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A look into the life of a translator

Published 17/04/2018

Cloé Crétal French translator

Cloé Crétal

Translator from English and Spanish into French, Project Manager


Born in: Lille, France

Why did you decide to become a translator?

I was born into a 100% French-speaking family (to say the least!), meaning that I didn’t at all inherit the polyglot gene... But that’s not to say I couldn’t develop a passion for languages through meeting people, travelling, books, films and music!

I’d say I became a translator to build bridges between cultures and populations, to create dialogue, connections, exchanges between people, institutions or companies who want to share ideas but who don’t speak the same language. A translator is like a conveyor of meaning thanks to whom the magic of communication can take place!


When and how did you learn English and Spanish?

I learnt languages at school from primary through to secondary, in a very ordinary way, actually! That’s why, with regards linguistic foundations at least, my thanks go first and foremost to the French education system (believe it or not!).

I owe my further learning of English and Spanish to my studies at ISIT, of course, as well as various internships and long stays abroad. There’s nothing better for learning a language than true immersion in the country, in contact with the locals and the national culture. And of course, I followed the timeless advice given to anyone who wants to learn a foreign language: read, listen to music and the radio and watch films and series.


What do you like most in translation?

I’m naturally very curious and am always keen to learn new things. This comes in handy because, to be a translator, you need to be extremely curious and want to learn things every day, such as fermentation methods of Cava, how a helicopter motor is made or management methods in a large international company… You work hard to learn about a whole variety of different subjects until you become a veritable expert!

I particularly like audio-visual translation which, in my view, is just as fun as it is demanding. To allow the audience enough time to read everything and see the images, the subtitles mustn’t exceed a certain number of characters (letters, spaces and punctuation), so you have to get your thinking cap on and find the perfect term, which is often the shortest. And that’s where a thesaurus really comes in handy! If your full stop doesn’t fit into the subtitle, you just have to go back to square one and re-work the whole sentence!

I like the mental exercise in translation. I think of translators as jugglers switching constantly from one language to another, one subject to another, who turn sentences over and over to try and always find the right solution. In this sense, they are also like tightrope walkers… you have to follow the thread of a text and not deviate in case you fall into the abyss of misinterpretation or the cloudy depths of poor translation.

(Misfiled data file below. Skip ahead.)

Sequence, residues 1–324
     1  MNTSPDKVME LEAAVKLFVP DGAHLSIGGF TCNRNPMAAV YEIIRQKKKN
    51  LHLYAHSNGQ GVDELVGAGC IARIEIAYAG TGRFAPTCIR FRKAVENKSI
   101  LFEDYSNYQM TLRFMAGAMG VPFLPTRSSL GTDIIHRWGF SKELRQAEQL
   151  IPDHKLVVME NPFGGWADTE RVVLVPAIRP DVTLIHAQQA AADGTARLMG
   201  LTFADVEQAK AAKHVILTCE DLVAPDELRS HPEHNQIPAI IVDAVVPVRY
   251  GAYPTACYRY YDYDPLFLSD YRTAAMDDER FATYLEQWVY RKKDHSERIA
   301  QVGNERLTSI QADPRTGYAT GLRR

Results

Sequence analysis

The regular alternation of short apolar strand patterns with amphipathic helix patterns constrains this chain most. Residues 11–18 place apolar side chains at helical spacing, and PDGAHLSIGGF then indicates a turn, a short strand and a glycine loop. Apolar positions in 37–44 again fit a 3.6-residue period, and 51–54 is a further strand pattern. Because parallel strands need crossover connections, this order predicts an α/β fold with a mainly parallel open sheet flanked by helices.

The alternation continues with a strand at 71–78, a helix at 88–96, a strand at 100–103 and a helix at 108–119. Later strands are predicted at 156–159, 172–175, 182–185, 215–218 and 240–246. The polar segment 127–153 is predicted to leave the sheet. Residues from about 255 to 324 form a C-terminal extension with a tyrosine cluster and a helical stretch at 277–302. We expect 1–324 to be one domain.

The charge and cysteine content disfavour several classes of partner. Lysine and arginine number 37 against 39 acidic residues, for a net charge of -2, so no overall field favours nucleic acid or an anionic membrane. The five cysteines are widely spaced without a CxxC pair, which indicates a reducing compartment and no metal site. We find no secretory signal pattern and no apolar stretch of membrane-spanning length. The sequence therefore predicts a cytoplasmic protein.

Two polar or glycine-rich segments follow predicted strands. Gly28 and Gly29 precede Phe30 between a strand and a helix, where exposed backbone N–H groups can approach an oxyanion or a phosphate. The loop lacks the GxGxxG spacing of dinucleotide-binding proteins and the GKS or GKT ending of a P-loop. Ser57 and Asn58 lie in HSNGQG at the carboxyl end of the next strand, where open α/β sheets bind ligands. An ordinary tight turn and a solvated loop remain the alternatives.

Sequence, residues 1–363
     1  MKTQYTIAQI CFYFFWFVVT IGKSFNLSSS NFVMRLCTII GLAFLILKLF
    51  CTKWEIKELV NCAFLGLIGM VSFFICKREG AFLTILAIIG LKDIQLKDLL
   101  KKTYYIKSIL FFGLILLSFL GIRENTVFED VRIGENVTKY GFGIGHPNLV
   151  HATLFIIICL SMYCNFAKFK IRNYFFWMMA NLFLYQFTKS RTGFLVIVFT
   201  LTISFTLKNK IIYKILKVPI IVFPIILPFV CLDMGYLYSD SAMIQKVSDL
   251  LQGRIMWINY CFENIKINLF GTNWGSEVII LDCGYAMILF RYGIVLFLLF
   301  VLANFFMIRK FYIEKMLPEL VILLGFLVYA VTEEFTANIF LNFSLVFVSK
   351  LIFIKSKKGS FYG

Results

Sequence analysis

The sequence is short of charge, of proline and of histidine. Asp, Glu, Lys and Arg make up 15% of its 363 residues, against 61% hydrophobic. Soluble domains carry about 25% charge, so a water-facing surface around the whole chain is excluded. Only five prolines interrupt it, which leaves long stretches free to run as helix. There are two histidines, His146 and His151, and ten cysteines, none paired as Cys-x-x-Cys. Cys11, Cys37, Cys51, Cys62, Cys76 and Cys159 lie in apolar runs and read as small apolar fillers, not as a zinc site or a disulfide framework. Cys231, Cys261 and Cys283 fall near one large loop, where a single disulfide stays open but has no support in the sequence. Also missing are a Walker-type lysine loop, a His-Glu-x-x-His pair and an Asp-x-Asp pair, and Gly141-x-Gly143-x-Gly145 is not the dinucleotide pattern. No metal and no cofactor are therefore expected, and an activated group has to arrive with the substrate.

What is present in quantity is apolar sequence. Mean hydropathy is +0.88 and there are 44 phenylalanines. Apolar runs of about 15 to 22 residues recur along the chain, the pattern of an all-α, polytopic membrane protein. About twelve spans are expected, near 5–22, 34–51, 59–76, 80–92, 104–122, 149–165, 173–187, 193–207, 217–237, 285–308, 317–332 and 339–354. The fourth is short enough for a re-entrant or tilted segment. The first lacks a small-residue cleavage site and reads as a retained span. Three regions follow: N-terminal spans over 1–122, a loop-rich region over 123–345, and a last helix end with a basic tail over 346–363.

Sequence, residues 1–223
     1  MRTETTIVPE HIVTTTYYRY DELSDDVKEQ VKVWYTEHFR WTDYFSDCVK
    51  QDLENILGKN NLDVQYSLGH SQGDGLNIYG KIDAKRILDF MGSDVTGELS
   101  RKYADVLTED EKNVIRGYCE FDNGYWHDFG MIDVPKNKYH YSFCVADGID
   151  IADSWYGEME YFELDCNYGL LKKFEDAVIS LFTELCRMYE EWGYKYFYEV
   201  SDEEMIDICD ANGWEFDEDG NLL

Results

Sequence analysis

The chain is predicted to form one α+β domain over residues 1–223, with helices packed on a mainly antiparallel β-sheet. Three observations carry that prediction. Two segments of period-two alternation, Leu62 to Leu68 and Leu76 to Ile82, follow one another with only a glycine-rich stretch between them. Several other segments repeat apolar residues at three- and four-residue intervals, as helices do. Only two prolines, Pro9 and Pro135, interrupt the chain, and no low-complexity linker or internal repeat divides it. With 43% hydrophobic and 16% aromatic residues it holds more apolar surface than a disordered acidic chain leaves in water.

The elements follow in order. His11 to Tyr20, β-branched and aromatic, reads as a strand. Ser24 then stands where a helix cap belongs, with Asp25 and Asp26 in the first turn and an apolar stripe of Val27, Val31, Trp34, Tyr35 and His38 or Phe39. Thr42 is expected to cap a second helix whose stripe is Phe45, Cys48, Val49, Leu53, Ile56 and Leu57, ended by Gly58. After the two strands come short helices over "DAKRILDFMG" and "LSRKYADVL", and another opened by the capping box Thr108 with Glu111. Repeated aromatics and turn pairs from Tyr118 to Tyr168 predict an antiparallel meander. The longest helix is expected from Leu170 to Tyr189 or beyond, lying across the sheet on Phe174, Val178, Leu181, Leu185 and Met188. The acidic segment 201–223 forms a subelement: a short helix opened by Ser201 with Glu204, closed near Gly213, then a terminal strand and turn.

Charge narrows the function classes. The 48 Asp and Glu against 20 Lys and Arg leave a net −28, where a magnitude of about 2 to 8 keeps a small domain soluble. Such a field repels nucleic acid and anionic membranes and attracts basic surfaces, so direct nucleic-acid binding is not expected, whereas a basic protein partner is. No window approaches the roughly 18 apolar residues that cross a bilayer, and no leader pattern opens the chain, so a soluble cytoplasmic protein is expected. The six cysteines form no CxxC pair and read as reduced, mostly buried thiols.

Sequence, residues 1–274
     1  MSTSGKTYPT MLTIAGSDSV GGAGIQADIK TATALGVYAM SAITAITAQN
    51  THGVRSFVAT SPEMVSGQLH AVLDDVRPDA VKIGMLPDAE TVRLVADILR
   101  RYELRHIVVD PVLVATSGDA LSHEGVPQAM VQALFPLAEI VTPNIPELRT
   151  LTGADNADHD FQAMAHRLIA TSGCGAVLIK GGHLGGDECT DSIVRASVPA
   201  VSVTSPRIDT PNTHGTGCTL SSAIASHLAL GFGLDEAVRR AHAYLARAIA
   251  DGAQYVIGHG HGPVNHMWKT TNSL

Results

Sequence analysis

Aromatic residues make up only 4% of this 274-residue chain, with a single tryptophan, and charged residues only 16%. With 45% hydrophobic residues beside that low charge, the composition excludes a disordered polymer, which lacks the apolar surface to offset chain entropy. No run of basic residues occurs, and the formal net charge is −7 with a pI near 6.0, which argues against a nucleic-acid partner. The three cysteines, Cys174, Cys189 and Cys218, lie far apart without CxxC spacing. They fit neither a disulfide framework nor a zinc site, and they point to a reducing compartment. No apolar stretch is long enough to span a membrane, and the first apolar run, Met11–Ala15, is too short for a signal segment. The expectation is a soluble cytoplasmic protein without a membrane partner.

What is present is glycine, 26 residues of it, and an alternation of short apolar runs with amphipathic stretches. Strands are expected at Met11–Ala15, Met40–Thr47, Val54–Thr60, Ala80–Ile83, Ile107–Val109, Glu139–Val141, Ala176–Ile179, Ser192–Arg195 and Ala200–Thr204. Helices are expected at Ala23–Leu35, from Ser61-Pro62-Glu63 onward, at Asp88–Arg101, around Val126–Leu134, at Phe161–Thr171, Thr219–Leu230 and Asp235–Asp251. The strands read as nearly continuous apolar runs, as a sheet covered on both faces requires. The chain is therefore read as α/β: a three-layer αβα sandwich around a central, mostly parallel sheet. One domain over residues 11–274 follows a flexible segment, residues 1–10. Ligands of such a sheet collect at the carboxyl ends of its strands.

What are the biggest challenges of the profession?

1- Trying to stay calm when you hear: “I need a translation of my thesis on Temporomandibular joint disorders. I’ll ask my cousin, she’s bilingual! She spent two weeks in Quebec this summer!”. Translation is something you learn through specialised studies and experience. You wouldn’t go to a year 10 student who has just completed their work experience with a paediatrician about a psoriasis, so don’t entrust your translation to any old “bilingual” person!

2- Proving that human intelligence remains essential throughout the translation process. Translation is currently “under threat” from advances in artificial intelligence and, notably, improvements in automatic translation software, so it is of vital importance that we constantly adapt to new technology and make use of it to deliver an end product of flawless quality.

3- Managing to make the person reading your translation think it was written for them in their language. A good translation should be both fluent and natural-sounding. It should read with no hints of clumsiness and the translator’s hand should at no point be visible. That’s the cruel side of the profession: if you’re good, you go completely unnoticed, but if you’re not so good, you’re the first in the firing line! It’s a profession in the shadows, if you like…


And finally, what’s your dream holiday destination and why?

France! Definitely! A few months ago I was living in Argentina. I came back to France for the Christmas holidays and ended up staying... So there’s no doubt that my own country is my ideal holiday destination!


Meet the rest of the team at The Home of Translation on our "Who are we?" page

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